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Functional analysis of Candida albicans GPI-anchored proteins: roles in cell wall integrity and caspofungin sensitivity.
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PMID:  18765290     Owner:  NLM     Status:  MEDLINE    
The outer layer of the Candida albicans cell wall is enriched in highly glycosylated proteins. The major class, the GlycosylPhosphatidylInositol (GPI)-anchored proteins are tethered to the wall by GPI-anchor remnants and include adhesins, glycosyltransferases, yapsins and superoxide dismutases. In silico analysis suggested that C. albicans possesses 115 putative GPI anchored proteins (GpiPs), almost twice the number reported for Saccharomyces cerevisiae. A global approach to characterise in silico predicted GpiPs has been initiated by generating a library of 45 mutants. This library was subjected to a screen for cell wall modifications by testing the cell wall integrity (SDS and Calcofluor White sensitivity) and response to caspofungin. We showed that, when caspofungin sensitivity was modified, in more than half of the cases the susceptibility can be correlated to the level of chitin and cell wall thickness: sensitive strains have low level of chitin and a thin cell wall. We also identified, for the first time, genes that when deleted lead to decreased caspofungin sensitivity: DFG5, PHR1, PGA4 and PGA62. The role of two unknown GpiPs, Pga31 and Pga62 in the cell wall structure and composition was clearly demonstrated during this study.
Armêl Plaine; Louise Walker; Gregory Da Costa; Héctor M Mora-Montes; Alastair McKinnon; Neil A R Gow; Claude Gaillardin; Carol A Munro; Mathias L Richard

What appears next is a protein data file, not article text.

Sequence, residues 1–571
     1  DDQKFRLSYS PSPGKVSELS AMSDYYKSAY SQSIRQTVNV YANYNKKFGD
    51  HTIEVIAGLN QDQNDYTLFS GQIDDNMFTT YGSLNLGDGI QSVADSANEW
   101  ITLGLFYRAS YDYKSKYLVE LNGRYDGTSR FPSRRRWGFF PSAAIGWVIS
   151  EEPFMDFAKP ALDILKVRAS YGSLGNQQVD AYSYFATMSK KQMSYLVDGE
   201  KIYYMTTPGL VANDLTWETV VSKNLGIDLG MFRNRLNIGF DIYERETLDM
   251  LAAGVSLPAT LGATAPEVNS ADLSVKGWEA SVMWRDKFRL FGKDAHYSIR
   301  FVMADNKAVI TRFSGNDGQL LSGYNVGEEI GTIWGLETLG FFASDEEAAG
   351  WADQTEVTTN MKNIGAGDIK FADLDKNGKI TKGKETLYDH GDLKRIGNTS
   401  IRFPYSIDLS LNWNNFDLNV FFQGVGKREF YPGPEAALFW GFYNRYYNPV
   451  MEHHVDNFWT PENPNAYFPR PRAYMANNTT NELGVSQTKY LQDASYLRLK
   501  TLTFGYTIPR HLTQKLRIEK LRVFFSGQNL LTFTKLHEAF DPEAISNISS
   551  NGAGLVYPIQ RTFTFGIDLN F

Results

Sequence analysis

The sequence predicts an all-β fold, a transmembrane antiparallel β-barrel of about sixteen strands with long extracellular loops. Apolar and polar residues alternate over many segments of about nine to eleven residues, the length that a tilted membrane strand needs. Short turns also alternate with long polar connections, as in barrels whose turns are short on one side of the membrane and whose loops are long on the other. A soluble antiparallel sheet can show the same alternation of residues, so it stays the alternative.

Publication Detail:
Type:  Journal Article; Research Support, Non-U.S. Gov't     Date:  2008-08-15
Journal Detail:
Title:  Fungal genetics and biology : FG & B     Volume:  45     ISSN:  1096-0937     ISO Abbreviation:  Fungal Genet. Biol.     Publication Date:  2008 Oct 
Date Detail:
Created Date:  2008-10-20     Completed Date:  2008-11-26     Revised Date:  2014-10-14    
Medline Journal Info:
Nlm Unique ID:  9607601     Medline TA:  Fungal Genet Biol     Country:  United States    
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Languages:  eng     Pagination:  1404-14     Citation Subset:  IM    
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MeSH Terms
Antifungal Agents / pharmacology*
Candida albicans / drug effects*,  genetics,  metabolism*
Cell Wall / drug effects*,  genetics,  metabolism*
Chitin / metabolism
Echinocandins / pharmacology*
Fungal Proteins / genetics,  metabolism*
Glycosylphosphatidylinositols / metabolism*
Grant Support
BB/C510191/1//Biotechnology and Biological Sciences Research Council; G0400284//Medical Research Council; G0400284(70738)//Medical Research Council; //Biotechnology and Biological Sciences Research Council; //Medical Research Council; //Wellcome Trust
Reg. No./Substance: